Don’t Have Deluded Thoughts

Arafat Uddin, Public domain, via Wikimedia Commons

Dōgen’s Chinese Poems (55)

Don’t Have Deluded Thoughts

328. Dharma Hall Discourse

「蚯蚓兩段話」             (「蚯蚓兩段の話」)
The story of two pieces of earthworm

無始劫來生死本          (無始劫來、生死の本、)
癡人喚作本来人             (癡人喚んで本来人と作す。)
途中顛倒更流布          (途中顛倒して更に流布す。)
大地山河清淨身             (大地山河清淨の身。)

The root of life and death from beginningless ages
is what ignorant people call the original person.
Even though they turn upside down and disseminate their views in the process,
the great earth, mountains, and rivers are still the pure body.[1]

— • —

This is verse 54 in Kuchūgen and Dharma Hall Discourse (上堂, jōdō) 328 in Volume 4 of Eihei Kōroku. This verse in Manzan’s version is the same as Monkaku’s version.

Don’t Have Deluded Thoughts

Dharma Hall discourse 328 is given during the summer practice period in 1249. In the discourse, Dōgen Zenji introduces the dialogue between Zen Master Changsha Jingcen[2] (Chosa Keishin, 長沙景岑, ? – ?), and a government minister named Zhu regarding buddha-nature of an earthworm that is cut into two pieces. After introducing the dialogue, Dōgen recites this verse without any further comments. The dialogue is as follows:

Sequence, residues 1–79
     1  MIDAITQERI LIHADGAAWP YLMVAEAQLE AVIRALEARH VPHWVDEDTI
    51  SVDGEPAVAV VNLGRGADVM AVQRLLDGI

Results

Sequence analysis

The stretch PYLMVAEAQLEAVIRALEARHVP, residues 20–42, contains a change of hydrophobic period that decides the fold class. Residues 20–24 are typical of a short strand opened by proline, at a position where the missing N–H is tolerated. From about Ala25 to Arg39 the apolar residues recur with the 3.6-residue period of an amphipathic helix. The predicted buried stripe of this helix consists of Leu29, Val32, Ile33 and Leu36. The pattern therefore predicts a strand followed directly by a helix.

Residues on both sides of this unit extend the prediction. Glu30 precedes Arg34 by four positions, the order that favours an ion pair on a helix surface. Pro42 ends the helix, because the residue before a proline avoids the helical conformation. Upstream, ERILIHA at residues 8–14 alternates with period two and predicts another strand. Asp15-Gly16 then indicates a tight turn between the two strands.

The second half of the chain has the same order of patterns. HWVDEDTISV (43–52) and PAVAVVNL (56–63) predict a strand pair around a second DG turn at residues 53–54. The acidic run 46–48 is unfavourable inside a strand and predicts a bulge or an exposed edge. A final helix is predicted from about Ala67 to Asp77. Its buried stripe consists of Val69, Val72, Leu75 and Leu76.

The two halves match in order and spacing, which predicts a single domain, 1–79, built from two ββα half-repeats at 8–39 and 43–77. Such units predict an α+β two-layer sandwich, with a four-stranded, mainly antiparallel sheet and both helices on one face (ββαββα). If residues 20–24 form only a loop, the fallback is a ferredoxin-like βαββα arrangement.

Government Minister Zhu asked Changsha [Jingcen], “When an earthworm is cut into two, I wonder which piece has the Buddha nature?”
Changsha said, “Don’t have deluded thoughts.”
The officer said, “What about when both pieces are moving?”
Changsha said, “That is only because the wind and fire has not yet dispersed.”
After further discussion, Changsha said, “Ignorant people call this [consciousness that is the root source of life and death] the original person.”[3]

Government Minister Zhu’s understanding in this dialogue is an example of a mistaken view also mentioned by Dōgen in Shōbōgenzō Busshō, written in 1241. Dōgen also quotes this dialogue at the end of Busshō (Buddha-nature). In the beginning of the fascicle, he writes that the inside and outside of a living being is nothing other than the “entire-being” of buddha-nature. Then he points out a mistaken view of Buddha-nature: